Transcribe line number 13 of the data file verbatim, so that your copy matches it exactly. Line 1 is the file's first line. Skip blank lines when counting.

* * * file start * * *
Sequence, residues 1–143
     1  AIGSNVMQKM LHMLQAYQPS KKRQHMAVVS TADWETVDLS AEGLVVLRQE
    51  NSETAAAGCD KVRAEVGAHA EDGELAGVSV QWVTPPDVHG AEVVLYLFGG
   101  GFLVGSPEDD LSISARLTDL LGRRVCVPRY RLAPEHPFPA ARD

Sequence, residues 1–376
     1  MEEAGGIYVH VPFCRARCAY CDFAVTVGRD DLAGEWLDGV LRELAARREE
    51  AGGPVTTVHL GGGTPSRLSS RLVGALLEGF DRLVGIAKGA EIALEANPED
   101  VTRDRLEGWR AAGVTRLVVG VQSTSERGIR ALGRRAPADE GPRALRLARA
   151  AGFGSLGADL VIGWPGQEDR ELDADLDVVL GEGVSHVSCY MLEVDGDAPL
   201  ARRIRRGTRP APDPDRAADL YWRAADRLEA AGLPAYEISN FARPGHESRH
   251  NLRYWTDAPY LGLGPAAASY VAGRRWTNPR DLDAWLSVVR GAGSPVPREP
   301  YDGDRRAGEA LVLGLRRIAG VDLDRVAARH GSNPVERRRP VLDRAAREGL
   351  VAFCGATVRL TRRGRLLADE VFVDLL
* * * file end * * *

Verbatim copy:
   351  VAFCGATVRL TRRGRLLADE VFVDLL